Why are antibody tests important?
Not everyone who has been infected with coronavirus experiences symptoms and goes to the doctor’s. And not everyone has been tested. So, it is difficult for researchers to estimate how many people have actually been ill and how many have been infected. An antibody test allows for a rough estimate of unknown cases and thus a better monitoring of the spread of the virus. This is an important factor when it comes to deciding whether contact limitations and other measures can be relaxed.
How do antibody tests help? If you have been infected with coronavirus SARS-CoV-2, you probably carry the antibodies. These antibodies can be detected in your blood by laboratories. This will indicate if you have already been infected with Covid-19 and are therefore likely immune to further infection.
Who should take the test?
The antibody test is helpful for people who want to check if they have already been infected with Covid-19. In some cases, the novel coronavirus causes mild flu-like symptoms or even no symptoms whatsoever. This is why many people are unsure whether they may have already had the virus.
The antibodies can be detected one to two weeks after the beginning of infection. A good rule of thumb is that the test is useful starting at around 14 days after you experienced flu-like symptoms.
If you currently have symptoms of the flu or cold, then a test is probably not useful – antibodies cannot always be detected in the earlier stages. If you want to test for a current infection, you need a PCR test, like the cerascreen® Coronavirus Test to detect the presence of the genetic material of the virus (currently only available in Germany).
How does the test work?
The cerascreen® Antibody Test is a sample-taking and send-in kit for home use. It involves taking a small blood sample from a fingertip – you can take it where and when is convenient for you. After taking a blood sample, simply send the dried blood spot card to our diagnostic laboratory.
The laboratory uses the established ELISA analysis method to test your blood for IgG coronavirus antibodies. When the analysis is complete, you will receive a notification by email or the My cerascreen® app. You can then download your personal results report with your test result.
How conclusive is the test?
The cerascreen® Antibody Test uses scientifically established measurement techniques for detecting Covid-19 antibodies. It is a diagnostically conclusive method for determining if a coronavirus infection has occurred.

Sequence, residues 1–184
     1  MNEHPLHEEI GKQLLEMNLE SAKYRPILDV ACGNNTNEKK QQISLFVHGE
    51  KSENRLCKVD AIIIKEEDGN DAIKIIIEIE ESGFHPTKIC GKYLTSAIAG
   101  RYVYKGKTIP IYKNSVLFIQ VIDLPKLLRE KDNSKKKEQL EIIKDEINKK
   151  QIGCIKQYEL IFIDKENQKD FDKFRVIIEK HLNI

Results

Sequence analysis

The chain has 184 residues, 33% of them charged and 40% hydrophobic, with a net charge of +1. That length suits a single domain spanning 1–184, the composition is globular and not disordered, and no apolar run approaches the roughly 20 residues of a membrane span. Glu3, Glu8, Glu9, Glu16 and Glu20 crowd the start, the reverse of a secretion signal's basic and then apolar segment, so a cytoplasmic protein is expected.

Just as with all medical tests, it is not 100% accurate. In rare cases, it can lead to a false positive (you tested positive, but have not yet had the virus) or a false negative (you tested negative, but have already had the virus).
The accuracy of laboratory tests like the cerascreen® Antibody Test is, however, considerably higher than quick tests that give a result without having been analysed in a lab.
What do the results tell me?
The results report will tell you if your result was positive or negative. Positive means that antibodies to SARS-CoV-2 were detected in your blood. ‘Negative’ means they were not detected.
A positive result can be an indication that you have already been infected with coronavirus.
How long does immunity last?
Studies from Canada and the United States, for example, have been able to detect neutralising antibodies for up to eight months after a Covid-19 infection. But it is not yet clear how long the antibodies usually remain in the body after vaccination or illness. Researchers are investigating this further – along with the question of how long people are immune to SARS-CoV-2 after vaccination or illness.
People in Ireland are now being asked to have their booster dose, which is normally with the Pfizer/BioNTech vaccine or Moderna vaccine. Research needs to be carried out regarding the effectiveness of a booster jab, as this is still considered a recent development.
Scientists also suspect that even after immunity has expired, there is still a certain degree of protection – what we call basic immunisation. In such instances, the coronavirus would presumably only trigger mild symptoms, such as a cough, cold and sore throat after a certain time.
Other studies from China and South Korea have suggested that people there have been infected with the virus multiple times or that the virus was reactivated. According to some virologists, this could be due to the measurement method, which can result at certain times in a negative result even though the virus is still present in the body.